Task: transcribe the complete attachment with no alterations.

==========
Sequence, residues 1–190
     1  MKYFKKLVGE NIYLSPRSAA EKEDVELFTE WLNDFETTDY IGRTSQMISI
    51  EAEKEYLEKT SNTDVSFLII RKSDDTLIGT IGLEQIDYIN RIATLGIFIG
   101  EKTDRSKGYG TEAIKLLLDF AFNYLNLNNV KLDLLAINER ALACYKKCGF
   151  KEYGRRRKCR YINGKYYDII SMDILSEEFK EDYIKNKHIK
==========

Sequence, residues 1–190
     1  MKYFKKLVGE NIYLSPRSAA EKEDVELFTE WLNDFETTDY IGRTSQMISI
    51  EAEKEYLEKT SNTDVSFLII RKSDDTLIGT IGLEQIDYIN RIATLGIFIG
   101  EKTDRSKGYG TEAIKLLLDF AFNYLNLNNV KLDLLAINER ALACYKKCGF
   151  KEYGRRRKCR YINGKYYDII SMDILSEEFK EDYIKNKHIK